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Low SOX2 expression marks a distinct subset of adenoid cystic carcinoma of the head and neck and is associated with an advanced tumor stage.

Low SOX2 expression marks a distinct subset of adenoid cystic carcinoma of the head and neck and is associated with an advanced tumor stage.
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Thierauf J, Weissinger SE, Veit JA, Affolter A, Laureano NK, Beutner D, Heiduschka G, Kadletz L, Meyer M, Quaas A, Plinkert P, Hoffmann TK, Hess J,


Thierauf J, Weissinger SE, Veit JA, Affolter A, Laureano NK, Beutner D, Heiduschka G, Kadletz L, Meyer M, Quaas A, Plinkert P, Hoffmann TK, Hess J, (click to view)

Thierauf J, Weissinger SE, Veit JA, Affolter A, Laureano NK, Beutner D, Heiduschka G, Kadletz L, Meyer M, Quaas A, Plinkert P, Hoffmann TK, Hess J,

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PloS one 2018 03 2913(3) e0194989 doi 10.1371/journal.pone.0194989

Abstract
INTRODUCTION
The transcription factor SOX2 has been identified as a lineage survival oncogene in squamous cell carcinoma and copy number gain is a common event in several human malignancies including head and neck cancer. However, the regulation and function of SOX2 during carcinogenesis as well as its prognostic value appears to be highly context dependent. As an example, high SOX2 expression in lung squamous cell carcinoma (SCC) is related to a favorable prognosis, while it is associated with poor outcome in lung adenocarcinoma. More recently, higher SOX2 levels and improved survival was also reported for head and neck SCC (HNSCC), and silencing of SOX2 expression in HNSCC cell lines revealed a mesenchymal-like phenotype with prominent vimentin expression. So far, SOX2 expression and its clinical relevance for other head and neck cancers, such as adenoid cystic carcinoma (HNACC) have not been sufficiently investigated.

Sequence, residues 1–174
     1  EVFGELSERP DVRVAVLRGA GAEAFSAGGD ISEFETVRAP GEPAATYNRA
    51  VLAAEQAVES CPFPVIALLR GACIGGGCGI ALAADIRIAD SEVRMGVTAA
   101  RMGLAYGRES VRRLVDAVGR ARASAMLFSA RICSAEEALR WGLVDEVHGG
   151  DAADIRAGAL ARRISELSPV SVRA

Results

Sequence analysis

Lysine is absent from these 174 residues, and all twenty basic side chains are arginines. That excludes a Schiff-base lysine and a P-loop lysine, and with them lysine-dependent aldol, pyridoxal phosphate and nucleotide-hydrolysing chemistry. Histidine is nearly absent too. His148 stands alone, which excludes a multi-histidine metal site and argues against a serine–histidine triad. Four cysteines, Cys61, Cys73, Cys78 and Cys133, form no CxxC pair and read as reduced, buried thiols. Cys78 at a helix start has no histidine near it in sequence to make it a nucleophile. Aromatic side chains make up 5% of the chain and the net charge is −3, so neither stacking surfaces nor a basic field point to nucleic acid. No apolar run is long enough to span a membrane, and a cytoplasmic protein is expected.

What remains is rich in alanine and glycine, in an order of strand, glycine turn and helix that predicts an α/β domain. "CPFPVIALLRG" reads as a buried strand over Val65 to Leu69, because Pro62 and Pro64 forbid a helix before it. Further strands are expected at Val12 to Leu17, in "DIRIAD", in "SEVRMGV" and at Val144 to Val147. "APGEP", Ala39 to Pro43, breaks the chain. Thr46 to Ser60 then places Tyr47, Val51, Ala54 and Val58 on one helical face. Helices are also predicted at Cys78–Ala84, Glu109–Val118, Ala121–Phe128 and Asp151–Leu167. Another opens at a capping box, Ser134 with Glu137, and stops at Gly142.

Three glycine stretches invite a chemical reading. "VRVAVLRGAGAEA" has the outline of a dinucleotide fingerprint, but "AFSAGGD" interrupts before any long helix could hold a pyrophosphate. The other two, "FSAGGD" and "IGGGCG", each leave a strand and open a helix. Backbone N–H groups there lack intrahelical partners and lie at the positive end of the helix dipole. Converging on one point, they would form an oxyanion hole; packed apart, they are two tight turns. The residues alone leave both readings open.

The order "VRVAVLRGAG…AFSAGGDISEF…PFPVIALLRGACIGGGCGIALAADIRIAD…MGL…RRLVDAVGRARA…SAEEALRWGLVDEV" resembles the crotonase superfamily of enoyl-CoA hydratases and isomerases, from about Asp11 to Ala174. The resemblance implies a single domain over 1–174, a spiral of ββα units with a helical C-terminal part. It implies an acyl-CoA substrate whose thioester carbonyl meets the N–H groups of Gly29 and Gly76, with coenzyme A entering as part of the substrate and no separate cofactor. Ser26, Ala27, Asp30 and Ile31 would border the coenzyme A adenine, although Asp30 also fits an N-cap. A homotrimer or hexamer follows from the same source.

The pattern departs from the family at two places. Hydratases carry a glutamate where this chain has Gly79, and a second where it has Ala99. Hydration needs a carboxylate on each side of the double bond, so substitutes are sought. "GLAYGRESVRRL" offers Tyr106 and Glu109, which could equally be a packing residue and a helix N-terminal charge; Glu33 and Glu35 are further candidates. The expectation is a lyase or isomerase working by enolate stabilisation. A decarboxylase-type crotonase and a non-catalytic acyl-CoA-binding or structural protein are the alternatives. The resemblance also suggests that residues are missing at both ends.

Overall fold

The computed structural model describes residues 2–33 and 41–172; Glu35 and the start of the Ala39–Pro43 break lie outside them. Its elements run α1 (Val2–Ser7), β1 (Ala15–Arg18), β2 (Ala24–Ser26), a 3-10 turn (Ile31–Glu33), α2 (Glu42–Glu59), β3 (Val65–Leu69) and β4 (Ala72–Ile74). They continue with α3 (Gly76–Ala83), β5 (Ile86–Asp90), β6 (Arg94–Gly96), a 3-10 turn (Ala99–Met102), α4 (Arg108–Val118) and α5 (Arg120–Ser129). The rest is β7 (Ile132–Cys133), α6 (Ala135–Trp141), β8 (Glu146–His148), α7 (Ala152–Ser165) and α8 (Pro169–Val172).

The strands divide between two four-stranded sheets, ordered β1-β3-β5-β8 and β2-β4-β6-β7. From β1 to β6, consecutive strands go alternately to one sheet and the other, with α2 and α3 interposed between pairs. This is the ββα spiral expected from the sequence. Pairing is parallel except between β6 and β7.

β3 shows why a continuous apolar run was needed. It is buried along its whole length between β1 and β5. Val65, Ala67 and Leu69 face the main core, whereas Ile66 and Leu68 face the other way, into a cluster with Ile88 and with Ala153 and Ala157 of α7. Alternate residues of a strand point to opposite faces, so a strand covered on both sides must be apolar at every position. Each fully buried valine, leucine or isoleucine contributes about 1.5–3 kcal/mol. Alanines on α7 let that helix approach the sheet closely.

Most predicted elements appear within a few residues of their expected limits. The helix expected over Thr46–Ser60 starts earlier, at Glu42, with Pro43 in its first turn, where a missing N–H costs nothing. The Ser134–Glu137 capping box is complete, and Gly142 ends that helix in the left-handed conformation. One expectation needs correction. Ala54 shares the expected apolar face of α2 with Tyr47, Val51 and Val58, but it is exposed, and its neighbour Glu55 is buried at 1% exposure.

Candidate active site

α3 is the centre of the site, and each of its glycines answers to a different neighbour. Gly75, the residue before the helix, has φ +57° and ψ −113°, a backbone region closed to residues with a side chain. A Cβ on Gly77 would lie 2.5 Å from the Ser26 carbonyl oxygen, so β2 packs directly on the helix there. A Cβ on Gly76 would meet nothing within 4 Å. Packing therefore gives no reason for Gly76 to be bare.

MATERIAL AND METHODS
SOX2, vimentin and E-cadherin expression was assessed by immunohistochemical staining on serial sections from formalin fixed and paraffin embedded tissue samples of a patient cohort (n = 45) with primary ACC and correlated with patient and tumor characteristics as well as survival.

RESULTS
High SOX2 expression was found in 14 (31%) primary tumor specimens and was significantly correlated with a N0 lymph node status (p = 0.04), while low SOX2 expression was correlated with a solid growth pattern (p = 0.031). Of the 45 patients, 27 tumor samples resembled an EMT-like phenotype, as assessed by high vimentin and low E-cadherin levels. However, in HNACC SOX2 levels were neither correlated with vimentin nor with E-cadherin expression, further supporting a context dependent regulation and function of SOX2 in distinct tumor entities.

CONCLUSION
The absence of SOX2 was predominantly found in solid HNACC, which are characterized by a more aggressive phenotype in ACC. However, the underlying molecular mechanisms of SOX2 regulation and function in distinct HNACC subgroups remain to be fully elucidated.

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